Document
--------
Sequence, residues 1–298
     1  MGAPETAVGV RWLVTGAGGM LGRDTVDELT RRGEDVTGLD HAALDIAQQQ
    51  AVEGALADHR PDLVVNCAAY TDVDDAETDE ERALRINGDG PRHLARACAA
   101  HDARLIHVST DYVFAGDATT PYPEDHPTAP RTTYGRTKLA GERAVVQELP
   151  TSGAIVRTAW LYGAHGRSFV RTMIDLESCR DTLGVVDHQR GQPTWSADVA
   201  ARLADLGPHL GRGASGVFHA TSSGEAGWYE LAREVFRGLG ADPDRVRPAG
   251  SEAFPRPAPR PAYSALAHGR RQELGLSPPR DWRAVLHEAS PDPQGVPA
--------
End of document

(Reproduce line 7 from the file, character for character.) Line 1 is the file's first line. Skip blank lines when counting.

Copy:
   251  SEAFPRPAPR PAYSALAHGR RQELGLSPPR DWRAVLHEAS PDPQGVPA